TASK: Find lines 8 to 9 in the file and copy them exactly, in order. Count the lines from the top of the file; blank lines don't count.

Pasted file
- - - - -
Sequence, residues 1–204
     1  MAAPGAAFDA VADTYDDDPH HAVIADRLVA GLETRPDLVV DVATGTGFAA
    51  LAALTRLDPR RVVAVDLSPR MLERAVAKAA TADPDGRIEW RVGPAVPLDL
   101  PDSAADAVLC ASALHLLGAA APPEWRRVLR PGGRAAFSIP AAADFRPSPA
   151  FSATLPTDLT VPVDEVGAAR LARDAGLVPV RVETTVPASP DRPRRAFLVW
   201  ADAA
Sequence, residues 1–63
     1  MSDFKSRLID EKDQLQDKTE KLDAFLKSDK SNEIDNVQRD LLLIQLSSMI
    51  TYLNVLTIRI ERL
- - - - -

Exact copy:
     1  MSDFKSRLID EKDQLQDKTE KLDAFLKSDK SNEIDNVQRD LLLIQLSSMI
    51  TYLNVLTIRI ERL